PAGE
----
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Nov 21 2011

Thanksgiving Recipe: Grandma Lylah’s Cranberry Relish

The fall housecleaning is done. Our houseguests are here. That means it’s time to turn our attention to the Thanksgiving food. It’s time to repost a few of my favorite harvest festival recipes.

Or, how to make all the kids eat their cranberries while still entertaining adult palates. Seriously.

3 12-oz. bags fresh cranberries
2/3 c. granulated sugar
1 large can crushed pineapple
1 pint heavy whipping cream
1 lb. mini-marshmallows

Wash and drain the cranberries. Grind using a medium die.

Mix in sugar and let sit overnight in the refrigerator.

Drain the crushed pineapple thoroughly. Mix the juice with some rum. This is for you, not the kids.

Whip the cream to very stiff peaks, just shy of butter.

In a bigger bowl than you think you’ll need, mix the pineapple and marshmallows into the cranberries. Fold in the whipped cream just until you have no large red streaks.

The end result is fluffy, unthreateningly pink and has distinct sweet and tart elements. Serves dozens and freezes remarkably well.

7 comments

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  1. 1
    F

    That’s a cross between two of my favourite holiday food-thingumies: pineapple whip and (different) cranberry relish.

    The pineapple whip is a bit like Grandma’s relish minus the cranberries and rum, but you melt the marshmallows and fold in the whipped cream and the pineapple.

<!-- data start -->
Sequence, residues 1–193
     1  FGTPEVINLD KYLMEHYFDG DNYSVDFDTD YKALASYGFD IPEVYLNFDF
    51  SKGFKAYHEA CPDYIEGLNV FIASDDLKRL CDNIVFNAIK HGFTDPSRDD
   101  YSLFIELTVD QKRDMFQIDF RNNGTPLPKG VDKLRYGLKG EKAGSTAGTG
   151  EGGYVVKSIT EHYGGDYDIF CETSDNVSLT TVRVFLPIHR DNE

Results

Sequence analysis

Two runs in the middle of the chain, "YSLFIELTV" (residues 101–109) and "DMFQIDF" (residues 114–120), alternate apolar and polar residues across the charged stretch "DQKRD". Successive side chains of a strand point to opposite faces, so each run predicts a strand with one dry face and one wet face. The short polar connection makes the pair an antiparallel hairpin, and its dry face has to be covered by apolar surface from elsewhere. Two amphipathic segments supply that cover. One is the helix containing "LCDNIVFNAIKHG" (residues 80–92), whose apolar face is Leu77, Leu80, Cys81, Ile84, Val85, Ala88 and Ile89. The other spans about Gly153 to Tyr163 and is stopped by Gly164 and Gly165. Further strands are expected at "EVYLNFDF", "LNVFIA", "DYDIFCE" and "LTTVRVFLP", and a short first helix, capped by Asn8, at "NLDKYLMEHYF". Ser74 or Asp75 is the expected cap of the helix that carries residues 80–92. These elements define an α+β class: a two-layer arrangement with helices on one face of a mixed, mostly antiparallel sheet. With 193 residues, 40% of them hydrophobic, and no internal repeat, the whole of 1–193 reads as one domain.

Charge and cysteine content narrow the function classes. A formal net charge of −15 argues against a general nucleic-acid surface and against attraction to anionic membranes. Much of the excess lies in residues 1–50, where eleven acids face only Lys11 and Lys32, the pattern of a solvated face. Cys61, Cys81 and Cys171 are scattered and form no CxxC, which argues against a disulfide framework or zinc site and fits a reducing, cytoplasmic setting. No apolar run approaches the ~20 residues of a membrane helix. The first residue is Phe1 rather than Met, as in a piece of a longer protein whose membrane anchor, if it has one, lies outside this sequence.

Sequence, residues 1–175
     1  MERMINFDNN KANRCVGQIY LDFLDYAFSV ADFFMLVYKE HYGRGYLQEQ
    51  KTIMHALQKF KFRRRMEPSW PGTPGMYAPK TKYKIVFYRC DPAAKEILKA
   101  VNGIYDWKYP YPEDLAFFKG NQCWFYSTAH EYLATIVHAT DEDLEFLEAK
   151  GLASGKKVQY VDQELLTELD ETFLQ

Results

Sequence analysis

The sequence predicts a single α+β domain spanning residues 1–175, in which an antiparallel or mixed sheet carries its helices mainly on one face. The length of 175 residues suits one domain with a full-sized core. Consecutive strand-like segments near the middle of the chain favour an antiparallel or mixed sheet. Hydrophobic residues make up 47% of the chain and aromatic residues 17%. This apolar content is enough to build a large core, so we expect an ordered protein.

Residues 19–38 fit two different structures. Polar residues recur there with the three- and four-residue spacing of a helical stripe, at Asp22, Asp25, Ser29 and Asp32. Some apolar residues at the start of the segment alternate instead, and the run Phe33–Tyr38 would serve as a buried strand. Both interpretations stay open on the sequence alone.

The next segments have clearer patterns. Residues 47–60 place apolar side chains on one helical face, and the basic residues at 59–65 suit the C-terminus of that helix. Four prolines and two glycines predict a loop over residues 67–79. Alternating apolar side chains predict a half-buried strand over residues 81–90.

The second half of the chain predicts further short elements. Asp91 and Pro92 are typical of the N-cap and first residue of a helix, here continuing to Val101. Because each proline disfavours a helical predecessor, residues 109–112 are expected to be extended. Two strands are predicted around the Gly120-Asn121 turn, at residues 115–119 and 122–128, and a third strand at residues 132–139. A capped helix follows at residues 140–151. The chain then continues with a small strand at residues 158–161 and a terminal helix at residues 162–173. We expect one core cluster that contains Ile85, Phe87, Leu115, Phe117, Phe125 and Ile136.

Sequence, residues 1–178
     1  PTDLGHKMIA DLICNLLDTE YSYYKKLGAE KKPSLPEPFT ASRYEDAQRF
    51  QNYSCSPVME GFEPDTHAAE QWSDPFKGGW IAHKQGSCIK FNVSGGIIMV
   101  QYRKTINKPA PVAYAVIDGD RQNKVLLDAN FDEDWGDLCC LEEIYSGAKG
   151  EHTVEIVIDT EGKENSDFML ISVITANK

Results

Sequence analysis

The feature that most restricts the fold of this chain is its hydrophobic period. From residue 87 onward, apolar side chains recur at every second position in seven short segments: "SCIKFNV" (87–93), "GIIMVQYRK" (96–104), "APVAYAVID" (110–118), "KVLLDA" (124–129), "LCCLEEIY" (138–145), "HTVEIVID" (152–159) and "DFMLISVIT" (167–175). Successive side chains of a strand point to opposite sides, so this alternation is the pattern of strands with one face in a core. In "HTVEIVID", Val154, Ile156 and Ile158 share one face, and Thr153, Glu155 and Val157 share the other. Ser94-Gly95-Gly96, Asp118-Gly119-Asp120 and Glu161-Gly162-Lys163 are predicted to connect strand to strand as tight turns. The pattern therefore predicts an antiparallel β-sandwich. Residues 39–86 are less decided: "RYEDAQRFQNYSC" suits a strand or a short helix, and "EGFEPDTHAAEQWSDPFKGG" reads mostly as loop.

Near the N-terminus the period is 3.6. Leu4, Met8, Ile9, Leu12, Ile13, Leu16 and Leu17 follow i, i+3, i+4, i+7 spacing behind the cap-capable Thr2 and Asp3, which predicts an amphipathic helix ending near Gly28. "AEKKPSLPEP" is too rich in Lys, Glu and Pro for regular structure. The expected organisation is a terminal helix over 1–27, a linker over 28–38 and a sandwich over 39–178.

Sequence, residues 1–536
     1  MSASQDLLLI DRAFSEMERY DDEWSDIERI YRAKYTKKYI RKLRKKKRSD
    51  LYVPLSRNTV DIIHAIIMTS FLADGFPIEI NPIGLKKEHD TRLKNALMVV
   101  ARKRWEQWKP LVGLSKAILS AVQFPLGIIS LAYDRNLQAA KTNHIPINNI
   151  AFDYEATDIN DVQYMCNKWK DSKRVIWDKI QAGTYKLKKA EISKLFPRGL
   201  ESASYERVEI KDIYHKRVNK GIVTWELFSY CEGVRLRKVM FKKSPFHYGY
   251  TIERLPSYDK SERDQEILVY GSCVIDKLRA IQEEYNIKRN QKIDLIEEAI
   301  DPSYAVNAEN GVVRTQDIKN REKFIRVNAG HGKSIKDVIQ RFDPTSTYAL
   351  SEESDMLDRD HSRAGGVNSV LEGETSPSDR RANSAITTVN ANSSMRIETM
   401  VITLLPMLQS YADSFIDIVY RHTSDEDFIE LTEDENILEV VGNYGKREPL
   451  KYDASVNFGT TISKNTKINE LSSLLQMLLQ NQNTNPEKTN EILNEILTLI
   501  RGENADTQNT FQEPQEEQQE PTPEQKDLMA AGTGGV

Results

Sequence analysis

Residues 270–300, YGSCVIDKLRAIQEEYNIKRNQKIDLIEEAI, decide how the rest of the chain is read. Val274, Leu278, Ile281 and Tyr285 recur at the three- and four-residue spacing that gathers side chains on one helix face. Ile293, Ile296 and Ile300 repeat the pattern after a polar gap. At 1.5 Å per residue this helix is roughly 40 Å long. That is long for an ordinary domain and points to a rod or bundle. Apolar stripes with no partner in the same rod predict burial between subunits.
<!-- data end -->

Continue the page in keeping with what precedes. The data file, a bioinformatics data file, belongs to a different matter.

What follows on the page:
The cranberry relish is crushed/ground cranberries with orange peel and a bit of sugar.

    Your (Grandma’s) recipe will certainly be passed on to my Mom, Grandma, and other interested relatives. And yes, I’m lucky enough to still have a Grandma. The women in my Grandmother’s matrilineal, uh, line, live for, like, ever.

  2. 2
    F

    Oh, and just for the sake of being a pain in the ass, could I ask you if you might give the recipe a slightly more unique name? Like “Grandma X‘s Cranberry Relish.” So the millions of people about to fall in love with this little delight can discern it from similarly named recipes.

    Regardless, thank you (and your Grandma) for the recipe.

  3. 3
    Stephanie Zvan

    Ooh. Orange peel. Maybe I’ll add some this year.

    I’m also lucky enough to have had my grandmothers for quite a while. The last one died a couple years ago at 90.

    Enjoy your Thanksgiving.

  4. 4
    Adamo

    Funny, I don’t recall the rum. Is this a recent addition or just well disguised? And orange peel sounds great – you get both in your stuffing, you know.

    And “F”, if you want a full name, it’s “Grandma Lylah’s…” etc.

  5. 5
    Stephanie Zvan

    The rum is in the juice that you drain from the pineapple. Name updated.

  6. 6
    the wicked noodle

    I don’t think I’ve ever found a Thanksgiving recipe I didn’t love!

  7. 7
    F [is for failure to emerge]

    Oh, thanks so much! And I did enjoy my Thanksgiving, the celebration of which had been moved to this past Saturday. I had forgotten to check back and copy down the recipe, so here I am with my belated thank you to you both. Cheers!

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